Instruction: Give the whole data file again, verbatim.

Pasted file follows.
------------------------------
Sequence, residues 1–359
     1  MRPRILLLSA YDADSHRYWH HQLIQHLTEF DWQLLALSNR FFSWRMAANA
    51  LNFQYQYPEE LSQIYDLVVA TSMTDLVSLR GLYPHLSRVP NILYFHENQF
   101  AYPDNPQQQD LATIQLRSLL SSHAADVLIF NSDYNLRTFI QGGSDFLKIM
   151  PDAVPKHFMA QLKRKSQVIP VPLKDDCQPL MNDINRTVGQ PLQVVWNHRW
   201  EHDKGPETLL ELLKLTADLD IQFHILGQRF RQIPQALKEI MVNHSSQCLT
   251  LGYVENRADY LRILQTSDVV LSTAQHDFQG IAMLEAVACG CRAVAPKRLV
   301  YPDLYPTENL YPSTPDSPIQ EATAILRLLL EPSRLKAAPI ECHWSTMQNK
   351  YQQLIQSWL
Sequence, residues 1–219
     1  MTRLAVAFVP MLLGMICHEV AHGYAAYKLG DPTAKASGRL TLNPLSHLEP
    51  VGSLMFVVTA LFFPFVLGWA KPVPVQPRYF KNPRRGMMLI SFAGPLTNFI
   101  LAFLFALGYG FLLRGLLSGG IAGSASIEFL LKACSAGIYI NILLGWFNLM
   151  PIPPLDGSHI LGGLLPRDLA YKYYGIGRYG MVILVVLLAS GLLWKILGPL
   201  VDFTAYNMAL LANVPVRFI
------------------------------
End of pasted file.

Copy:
Sequence, residues 1–359
     1  MRPRILLLSA YDADSHRYWH HQLIQHLTEF DWQLLALSNR FFSWRMAANA
    51  LNFQYQYPEE LSQIYDLVVA TSMTDLVSLR GLYPHLSRVP NILYFHENQF
   101  AYPDNPQQQD LATIQLRSLL SSHAADVLIF NSDYNLRTFI QGGSDFLKIM
   151  PDAVPKHFMA QLKRKSQVIP VPLKDDCQPL MNDINRTVGQ PLQVVWNHRW
   201  EHDKGPETLL ELLKLTADLD IQFHILGQRF RQIPQALKEI MVNHSSQCLT
   251  LGYVENRADY LRILQTSDVV LSTAQHDFQG IAMLEAVACG CRAVAPKRLV
   301  YPDLYPTENL YPSTPDSPIQ EATAILRLLL EPSRLKAAPI ECHWSTMQNK
   351  YQQLIQSWL
Sequence, residues 1–219
     1  MTRLAVAFVP MLLGMICHEV AHGYAAYKLG DPTAKASGRL TLNPLSHLEP
    51  VGSLMFVVTA LFFPFVLGWA KPVPVQPRYF KNPRRGMMLI SFAGPLTNFI
   101  LAFLFALGYG FLLRGLLSGG IAGSASIEFL LKACSAGIYI NILLGWFNLM
   151  PIPPLDGSHI LGGLLPRDLA YKYYGIGRYG MVILVVLLAS GLLWKILGPL
   201  VDFTAYNMAL LANVPVRFI